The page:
Q. Was it difficult at all to detach yourself from Lila and her journey while writing her fictional story, since you were drawing in part on your own life?

A. Yes, it was extremely difficult and at times painful to write this story because it was inspired by many real events. I started writing Powder Necklace as a memoir, but decided against it after workshopping it. One of the members of my writing group suggested I try writing it as a novel instead of a true story and I’m glad I took her advice.

As a memoir, I was too obsessed with the exact details and events of the story, and after a while I realized that even my best attempts would still be filtered through my own biases and perspective. Writing it as fiction freed me to explore my own beliefs in God and Ghanaian culture; the decisions the adults in my life made for me; the way I handled myself before, during and after my experience in Ghana; and how my time in Ghana impacted my identity as an American citizen.

Q. Despite how extraordinary Lila’s journey is, do you think her struggles and questions about identity and fate are universal? Do you think other teenage girls can identify with her even if they haven’t experienced similar situations?

A. I do think the themes explored in the book are universal—not just for girls or even teenagers. So much of our time as children and young adults is spent being talked at and over; decisions are made without our consent, etc.—meanwhile we’re going through all these physical and hormonal changes, and struggling to figure out who we are independent of the people in charge of us—all while trying to please them. It’s a soupy time in the life of a young person, and I think young people and older people can relate—though older people can be glad they’ve passed that stage. (I know I am!)

Which brings me to the question of fate; I like to think of fate as a “divinely ordered steps.” I think it’s important for young people to know that what they’re feeling isn’t crazy or unusual—it’s natural—but they will get through it okay; as an added bonus, all the drama they are dealing with and suffering through is fashioning them into a unique and special entity who has real value and purpose.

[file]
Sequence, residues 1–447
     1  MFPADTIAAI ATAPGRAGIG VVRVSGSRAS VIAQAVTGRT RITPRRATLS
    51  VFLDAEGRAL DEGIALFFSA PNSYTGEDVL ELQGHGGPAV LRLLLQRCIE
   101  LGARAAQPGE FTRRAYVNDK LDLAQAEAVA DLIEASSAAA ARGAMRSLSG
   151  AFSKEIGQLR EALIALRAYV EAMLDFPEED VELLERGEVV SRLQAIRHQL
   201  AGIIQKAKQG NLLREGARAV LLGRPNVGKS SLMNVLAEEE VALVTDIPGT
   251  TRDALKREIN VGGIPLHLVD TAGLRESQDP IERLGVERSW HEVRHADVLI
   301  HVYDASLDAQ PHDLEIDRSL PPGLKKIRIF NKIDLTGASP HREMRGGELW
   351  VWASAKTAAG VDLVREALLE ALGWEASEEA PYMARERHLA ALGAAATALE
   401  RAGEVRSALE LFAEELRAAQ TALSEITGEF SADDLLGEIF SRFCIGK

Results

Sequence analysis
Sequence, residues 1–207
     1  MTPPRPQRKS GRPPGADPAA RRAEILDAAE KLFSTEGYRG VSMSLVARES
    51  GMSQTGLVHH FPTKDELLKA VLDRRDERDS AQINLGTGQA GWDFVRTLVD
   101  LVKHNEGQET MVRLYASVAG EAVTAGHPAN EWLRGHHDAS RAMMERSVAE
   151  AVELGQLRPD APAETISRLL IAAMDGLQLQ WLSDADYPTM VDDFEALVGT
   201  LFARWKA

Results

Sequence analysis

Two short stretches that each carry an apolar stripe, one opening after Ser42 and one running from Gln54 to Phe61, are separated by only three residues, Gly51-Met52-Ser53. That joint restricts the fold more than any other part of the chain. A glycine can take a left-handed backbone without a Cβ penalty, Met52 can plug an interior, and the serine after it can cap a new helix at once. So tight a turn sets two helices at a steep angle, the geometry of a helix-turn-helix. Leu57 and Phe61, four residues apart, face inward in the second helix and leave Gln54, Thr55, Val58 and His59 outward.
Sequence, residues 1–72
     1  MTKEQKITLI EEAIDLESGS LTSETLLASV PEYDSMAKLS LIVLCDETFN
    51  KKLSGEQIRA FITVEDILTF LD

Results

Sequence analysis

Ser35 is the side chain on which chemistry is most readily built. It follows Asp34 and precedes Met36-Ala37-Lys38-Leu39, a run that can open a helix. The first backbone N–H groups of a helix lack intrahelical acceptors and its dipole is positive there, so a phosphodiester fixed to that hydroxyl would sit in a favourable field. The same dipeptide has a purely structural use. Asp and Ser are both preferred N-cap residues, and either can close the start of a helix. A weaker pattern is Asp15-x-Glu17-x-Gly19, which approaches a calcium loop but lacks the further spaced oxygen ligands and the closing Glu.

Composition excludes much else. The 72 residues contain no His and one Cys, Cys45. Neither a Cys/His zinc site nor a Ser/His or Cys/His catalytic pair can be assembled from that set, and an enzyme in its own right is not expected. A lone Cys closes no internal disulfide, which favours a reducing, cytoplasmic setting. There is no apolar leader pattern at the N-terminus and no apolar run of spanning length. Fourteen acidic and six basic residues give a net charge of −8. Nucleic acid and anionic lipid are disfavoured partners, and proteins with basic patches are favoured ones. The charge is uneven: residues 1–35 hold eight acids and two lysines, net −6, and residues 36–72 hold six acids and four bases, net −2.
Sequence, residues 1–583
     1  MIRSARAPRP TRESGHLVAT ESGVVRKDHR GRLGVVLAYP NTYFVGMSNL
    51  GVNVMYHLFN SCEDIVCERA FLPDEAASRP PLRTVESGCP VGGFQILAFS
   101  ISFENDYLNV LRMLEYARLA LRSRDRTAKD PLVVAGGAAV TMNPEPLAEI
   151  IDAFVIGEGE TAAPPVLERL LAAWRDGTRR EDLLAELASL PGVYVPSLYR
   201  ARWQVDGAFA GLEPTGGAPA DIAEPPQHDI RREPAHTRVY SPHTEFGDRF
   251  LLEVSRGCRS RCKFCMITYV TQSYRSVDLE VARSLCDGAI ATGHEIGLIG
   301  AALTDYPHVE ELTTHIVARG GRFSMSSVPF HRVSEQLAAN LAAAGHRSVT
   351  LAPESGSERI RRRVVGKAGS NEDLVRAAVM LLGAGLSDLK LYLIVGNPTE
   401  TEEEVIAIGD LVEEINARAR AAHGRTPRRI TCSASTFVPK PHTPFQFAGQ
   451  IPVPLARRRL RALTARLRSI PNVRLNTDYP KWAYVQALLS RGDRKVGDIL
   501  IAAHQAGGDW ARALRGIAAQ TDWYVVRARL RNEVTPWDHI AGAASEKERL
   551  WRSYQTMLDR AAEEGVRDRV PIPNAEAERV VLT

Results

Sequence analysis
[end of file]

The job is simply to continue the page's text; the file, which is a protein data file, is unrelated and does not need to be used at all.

Q. At the novel’s beginning, Lila is a child who “lived to please Mum” (p. 3) and acted according to what would make her mother happy. By the end of the book, she has become a fiercely independent thinker, making decisions for herself. Did you always plan for this emotional independence from her mother to be an essential aspect of Lila’s development?

A. I didn’t plan this, but I’m glad Lila evolved as she did. Part of growing up is coming to understand that loving and respecting your parents and family members does not always mean pleasing them. You have to live your life. Period. Full stop.

Q. At the end of Powder Necklace Lila ultimately decides the answers to questions she was grappling with throughout the novel are unimportant. Instead, you write that “Maybe the point was to keep your head up—wear your powder necklace—no matter what” (p. 276). Did you know when you started writing Lila’s story that she would ultimately reach this conclusion? What, if any, alternate endings did you draft for Lila?

A. I didn’t plan this as the ending. I toyed with ending it at Lila’s mother having the baby and Lila holding the newborn in her arms and just shaking her head at all the craziness the baby didn’t even know was ahead of her. In the end, I’m glad I ended the book where I did because there are some things Lila will have to grapple with for much longer before she arrives at an acceptable resolution for herself—like her parents’ divorce, how her time in Ghana has shaped her, how her relationships with Enyo, Gamal, Auntie Flora, and the rest will shape her worldview, etc. I wanted the reader to walk away with being comfortable with the fact that the answers may still elude, that they aren’t necessarily what’s most important—what’s crucial is coming out of whatever situation you’re in intact.